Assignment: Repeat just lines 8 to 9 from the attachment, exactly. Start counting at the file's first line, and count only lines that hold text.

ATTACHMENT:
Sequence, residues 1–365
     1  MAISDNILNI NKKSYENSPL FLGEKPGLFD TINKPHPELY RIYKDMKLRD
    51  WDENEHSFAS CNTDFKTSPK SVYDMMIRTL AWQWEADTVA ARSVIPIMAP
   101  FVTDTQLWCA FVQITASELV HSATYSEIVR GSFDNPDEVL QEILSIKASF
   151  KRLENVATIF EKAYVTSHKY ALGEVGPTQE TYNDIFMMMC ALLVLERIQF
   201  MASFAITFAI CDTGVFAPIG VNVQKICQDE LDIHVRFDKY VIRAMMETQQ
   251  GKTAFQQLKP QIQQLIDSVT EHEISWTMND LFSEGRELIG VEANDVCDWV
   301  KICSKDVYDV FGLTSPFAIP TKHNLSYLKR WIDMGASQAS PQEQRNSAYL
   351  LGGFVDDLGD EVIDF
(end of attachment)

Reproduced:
   301  KICSKDVYDV FGLTSPFAIP TKHNLSYLKR WIDMGASQAS PQEQRNSAYL
   351  LGGFVDDLGD EVIDF